Stop Comparing Games To Breath Of The Wild

Stop Comparing Games To Breath Of The Wild

In 2017, a very good game called The Legend of Zelda: Breath of the Wild was released. It received rave reviews, wound up on countless ‘game of the year’ lists, and was praised for its innovative open world and use of minimalist storytelling. In the years since, many other gorgeous, open world games with a minimalist focus have launched. None of them are Breath of the Wild clones.

It’s a label that’s become a strange catch-all term for any game making use of a stylish open world, climbing mechanics or player-led adventures. First, it was Genshin Impact landing the unfortunate label. Then, Ubisoft’s Immortals Fenyx Rising (once known as Gods and Monsters). In the same way Dark Souls became a flippant term for any gothic-style game with a high level of difficulty, Breath of the Wild has become the measuring stick for all open world action-adventures.

But calling either game a Breath of the Wild clone is unfair.

While they all share bright, open worlds and similar exploration mechanics, the differences are far clearer when you dive into each game on its own. Genshin Impact has a focus on cutesy characters and world-spanning quests. Immortals Fenyx Rising is an dialogue-heavy action-adventure peppered with quests and complex environmental puzzles. In many ways, it plays out like a miniature Assassin’s Creed: Odyssey (it is made by the same developers, after all).

The criticism both games faced appears to come from two factors: their open world-style gameplay and exploration mechanics. Like Breath of the Wild, both games feature climbing and gliding mechanics that require the conservation of stamina. They also pepper gameplay with challenging puzzles and collectables. But there’s a core difference between a ‘clone’ and a game that wears its inspiration on its sleeve.

genshin impact breath of the wild clone
Screenshot: Genshin Impact

The developers behind Genshin Impact acknowledged their love for Breath of the Wild when initial reports suggested the game was trying to profit from Zelda‘s major success. But they also made clear the game would build its own identity through an original story, an intriguing cast of characters and different styles of gameplay. Reviews for the final release unanimously decided the critics were wrong to draw comparisons between the two titles. Many reviews, including Kotaku’s own, made clear it wasn’t the shameless clone it was previously made out to be.

Video games have a long history of iteration and building on formulas that work. Modern innovations like the nemesis system found in Shadow of Mordor later appeared in Assassin’s Creed: Odyssey. The idea of a ‘sanity metre’, first found in tabletop RPGs like Call of Cthulhu, has become a staple of the horror genre. As the saying goes, there’s nothing new under the sun — and the same is true for video games. Popular mechanics often find their way into newer and different games.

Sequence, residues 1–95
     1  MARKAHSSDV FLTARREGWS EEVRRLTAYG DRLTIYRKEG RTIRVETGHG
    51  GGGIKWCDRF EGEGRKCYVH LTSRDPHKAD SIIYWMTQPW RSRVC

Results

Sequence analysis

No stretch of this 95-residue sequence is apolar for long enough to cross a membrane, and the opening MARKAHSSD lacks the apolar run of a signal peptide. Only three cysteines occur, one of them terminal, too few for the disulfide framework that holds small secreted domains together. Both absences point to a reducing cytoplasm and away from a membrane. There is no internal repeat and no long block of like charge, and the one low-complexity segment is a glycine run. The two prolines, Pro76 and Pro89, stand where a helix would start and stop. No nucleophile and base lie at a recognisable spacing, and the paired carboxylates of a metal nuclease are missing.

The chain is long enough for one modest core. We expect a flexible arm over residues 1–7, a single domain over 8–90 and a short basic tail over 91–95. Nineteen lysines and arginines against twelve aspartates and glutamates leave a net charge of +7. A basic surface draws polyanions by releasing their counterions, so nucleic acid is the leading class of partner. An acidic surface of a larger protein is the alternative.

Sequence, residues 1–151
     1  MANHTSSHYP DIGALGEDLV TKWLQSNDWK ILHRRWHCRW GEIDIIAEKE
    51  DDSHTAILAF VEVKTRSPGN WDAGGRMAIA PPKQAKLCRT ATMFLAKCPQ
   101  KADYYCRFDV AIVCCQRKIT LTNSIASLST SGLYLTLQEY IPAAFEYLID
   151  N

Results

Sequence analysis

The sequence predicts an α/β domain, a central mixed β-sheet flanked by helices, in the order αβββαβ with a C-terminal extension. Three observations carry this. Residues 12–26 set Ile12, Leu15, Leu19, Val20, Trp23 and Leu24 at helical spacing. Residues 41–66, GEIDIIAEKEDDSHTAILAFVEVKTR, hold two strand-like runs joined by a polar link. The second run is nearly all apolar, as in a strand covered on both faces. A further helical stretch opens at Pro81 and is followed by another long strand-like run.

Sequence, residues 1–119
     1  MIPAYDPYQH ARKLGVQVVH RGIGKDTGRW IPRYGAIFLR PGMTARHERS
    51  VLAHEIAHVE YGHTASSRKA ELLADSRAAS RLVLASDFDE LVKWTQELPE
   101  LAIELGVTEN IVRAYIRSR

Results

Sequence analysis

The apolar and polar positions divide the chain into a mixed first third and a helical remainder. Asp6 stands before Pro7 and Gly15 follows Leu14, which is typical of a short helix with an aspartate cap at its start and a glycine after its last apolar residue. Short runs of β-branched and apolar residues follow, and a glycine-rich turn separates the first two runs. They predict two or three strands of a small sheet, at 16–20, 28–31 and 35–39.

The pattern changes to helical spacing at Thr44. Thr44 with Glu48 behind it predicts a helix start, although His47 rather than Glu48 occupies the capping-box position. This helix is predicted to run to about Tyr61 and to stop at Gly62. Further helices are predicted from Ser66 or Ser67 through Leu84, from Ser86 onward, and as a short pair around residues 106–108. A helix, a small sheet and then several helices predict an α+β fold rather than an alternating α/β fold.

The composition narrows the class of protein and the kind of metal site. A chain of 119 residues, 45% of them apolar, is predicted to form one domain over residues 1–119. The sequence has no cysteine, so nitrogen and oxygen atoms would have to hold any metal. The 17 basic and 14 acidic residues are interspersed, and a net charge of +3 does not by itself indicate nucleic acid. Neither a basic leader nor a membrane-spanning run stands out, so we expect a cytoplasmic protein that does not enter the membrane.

Calling Genshin Impact and Immortals Fenyx Rising ‘clones’ does a disservice to the passion and thought behind both games. It also sets up false expectations for their audiences.

If you’ve yet to dive into Immortals Fenyx Rising, you might be surprised to learn it’s actually a strongly narrative-focused adventure about the struggle of the Greek pantheon against a monster known as Typhon. While it shares DNA with Breath of the Wild in that it’s an action-adventure set in an open world, the combat and environmental puzzles differ drastically. As does its combat system and quest-based gameplay. Outside of the game’s cartoonish visuals, there are only rare similarities. Players looking to dive into a Breath of the Wild-like game will be sorely disappointed.

To be clear: it’s a fantastic game and superbly entertaining, but it’s not a Breath of the Wild clone by any measure. The same can be said for Genshin Impact. They’re both great games in their own right, and cynical comparisons between them and Breath of the Wild only discourages players from experiencing the fun (and wildly different) adventures they offer.

Video games will always build on what came before. Breath of the Wild was a game with huge significance. It changed what players expected from open world games. Arguably, it also changed how players viewed the function of narrative in gameplay. Its influence can be seen strongly in the latest iteration of open world games, and it’s likely it will continue to change how video games are made. That’s a good thing.

Iteration is how we get great games like Immortals Fenyx Rising and Genshin Impact. It’s why Fortnite is still seeing such incredible success. Building on what works is how video games get better. It’s why they’ve come such an incredibly long way in the last few decades.

To discount that progress by labelling games ‘clones’ is wrong.

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